Batman: Arkham Origins marks a first for the series in that it dabbles in its own multiplayer component. Two individuals are cast as Batman and Robin, while the other six assume the role of henchmen hired by either the Joker or Bane. The job of the henchmen is to kill the other henchmen, while the heroes' job is to take the criminals out. I absolutely love asymmetrical multiplayer action; Splinter Cell: Blacklist being perhaps the apotheosis of it for me. While the idea is excellent on paper, it just doesn't work all that well in Arkham Origins. The heroes feels underpowered and the criminals control poorly. While I understand the need for balance in these kinds of experiences, that's just a major no-no when it comes to a universe like Batman's.


Batman: Arkham Origins is perhaps more difficult for those who have already played the previous two games in the series. Certain parts of the gameplay feel subtly different: combat feels a bit slower and more deliberate, and the grace period for counterattacks feels substantially shorter. But with time, it feels like the same classic gameplay, whether it's the brutal, bone-crunching combat or the excellent, empowering stealth sections.

Combat mechanics are temporarily turned on their heads in the mid-game boss fight against Deathstroke. It's an excellent boss fight once you figure out how it works, but until you do, it just feels broken. The opportunities for counterattacks generally show themselves with a very identifiable icon that pops up over an enemy's head. This doesn't happen in the Deathstroke boss fight. Rather, you are placed into a cutscene where you must wait for a specific moment where something more akin to a quick time event shows up on screen. This will confuse and frustrate most gamers who have experience (and therefore, expectations) with the series, though it might not be too much of a problem for newcomers.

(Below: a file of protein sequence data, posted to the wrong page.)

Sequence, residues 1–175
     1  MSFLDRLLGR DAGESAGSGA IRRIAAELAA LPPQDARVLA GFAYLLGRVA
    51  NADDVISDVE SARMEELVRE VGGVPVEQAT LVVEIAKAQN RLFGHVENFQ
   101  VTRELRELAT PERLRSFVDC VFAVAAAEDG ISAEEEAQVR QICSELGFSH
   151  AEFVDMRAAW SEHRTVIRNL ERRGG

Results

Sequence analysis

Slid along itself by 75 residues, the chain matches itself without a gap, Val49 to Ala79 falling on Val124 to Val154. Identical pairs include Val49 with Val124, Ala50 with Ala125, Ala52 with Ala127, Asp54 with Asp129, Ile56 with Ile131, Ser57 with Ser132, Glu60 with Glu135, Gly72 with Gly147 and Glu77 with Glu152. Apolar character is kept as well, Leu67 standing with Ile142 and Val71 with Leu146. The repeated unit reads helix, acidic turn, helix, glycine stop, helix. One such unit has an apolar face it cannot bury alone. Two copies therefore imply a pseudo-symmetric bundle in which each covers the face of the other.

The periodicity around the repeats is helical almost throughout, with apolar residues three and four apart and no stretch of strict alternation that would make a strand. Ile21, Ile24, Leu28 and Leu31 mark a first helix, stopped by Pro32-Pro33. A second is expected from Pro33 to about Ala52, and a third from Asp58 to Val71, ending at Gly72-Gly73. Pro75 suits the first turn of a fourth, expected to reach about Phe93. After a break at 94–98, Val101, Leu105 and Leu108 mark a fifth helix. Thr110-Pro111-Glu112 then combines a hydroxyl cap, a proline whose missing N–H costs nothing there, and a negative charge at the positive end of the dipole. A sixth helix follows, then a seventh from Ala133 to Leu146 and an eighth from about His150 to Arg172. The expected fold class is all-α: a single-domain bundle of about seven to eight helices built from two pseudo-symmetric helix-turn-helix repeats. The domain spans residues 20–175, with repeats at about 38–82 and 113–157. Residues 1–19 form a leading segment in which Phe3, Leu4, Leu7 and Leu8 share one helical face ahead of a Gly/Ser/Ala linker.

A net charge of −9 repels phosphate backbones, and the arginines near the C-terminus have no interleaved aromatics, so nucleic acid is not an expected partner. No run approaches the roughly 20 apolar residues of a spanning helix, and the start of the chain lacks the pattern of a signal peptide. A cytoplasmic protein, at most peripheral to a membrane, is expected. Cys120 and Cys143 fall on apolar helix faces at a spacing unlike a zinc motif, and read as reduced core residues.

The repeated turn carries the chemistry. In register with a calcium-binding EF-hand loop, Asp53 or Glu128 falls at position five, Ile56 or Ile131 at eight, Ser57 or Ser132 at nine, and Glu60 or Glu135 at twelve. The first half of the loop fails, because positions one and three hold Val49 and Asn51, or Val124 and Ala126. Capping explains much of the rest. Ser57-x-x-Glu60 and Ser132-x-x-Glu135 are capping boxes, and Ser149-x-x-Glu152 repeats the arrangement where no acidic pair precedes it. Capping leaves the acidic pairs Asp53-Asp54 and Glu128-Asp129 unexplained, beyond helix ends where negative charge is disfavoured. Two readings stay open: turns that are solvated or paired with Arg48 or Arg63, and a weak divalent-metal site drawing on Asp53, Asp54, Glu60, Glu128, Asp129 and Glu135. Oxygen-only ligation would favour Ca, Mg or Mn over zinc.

Game Mechanics:

If you're familiar at all with the mechanics of either Arkham Asylum or Arkham City, Batman: Arkham Origins will be light on surprises for you. The controls were just about perfect in Arkham City, so there was no point in going back and messing with anything. The classic freeflow combat returns mostly unchanged, and the exhilarating locomotion mechanics (grapple, glide, dive, repeat) are as intoxicatingly fun as ever.

You start the game with most of the gadgets you had by the end of Arkham City: the grappling hook, explosive gel, the cryptographic sequencer, and the classic batarang to name a few. However, you've got a new trick in the form of fast travel. The Batwing patrols the skies above, and once you liberate a section of Gotham from Enigma's radio towers, you can call in for a quick pickup.

One thing that has changed is Batman's crime-solving hardware. When he comes across a crime scene, he is able to pinpoint areas of interest and rebuild the event in virtual reality. It's a neat concept that kind of hearkens back to the memory remixing system from Remember Me, but I wish there was more of it and that it provided more in the way of actual challenge. Finding new clues in different areas of the crime scene or being led away to find something else (a briefcase that fell off of a building, etc.) were more the exception than the rule. It's kind of a missed opportunity that I'd like to see expanded on in future games.

Batman: Arkham Origins may be getting more than its fair share of grief for not being as revolutionary as the two games that preceded it. That being said, I confess to being one of those fans who would have simply accepted "just another Batman game." I was completely satisfied with the ride Arkham Origins took me on, and I suspect the same will be true to most gamers, as well.

-FenixDown, GameVortex Communications
AKA Jon Carlos

Minimum System Requirements:

32-bit: Vista, Win 7, Win 8; Intel Core 2 Duo, 2.4 GHz/AMD Athlon X2, 2.8 GHz; 2GB RAM; NVIDIA GeForce 8800 GTS/AMD Radeon HD 3850 or better wit 512 MB of VRAM; DirectX 9.0c; 20GB HDD Space, Broadband Internet Connection

Test System:

ASUS G74S Series, Intel Core I7 - 2670QM, 2.2 GHz, Windows 7 Premium, NVIDIA GeForce GTX 560M, 12 GB RAM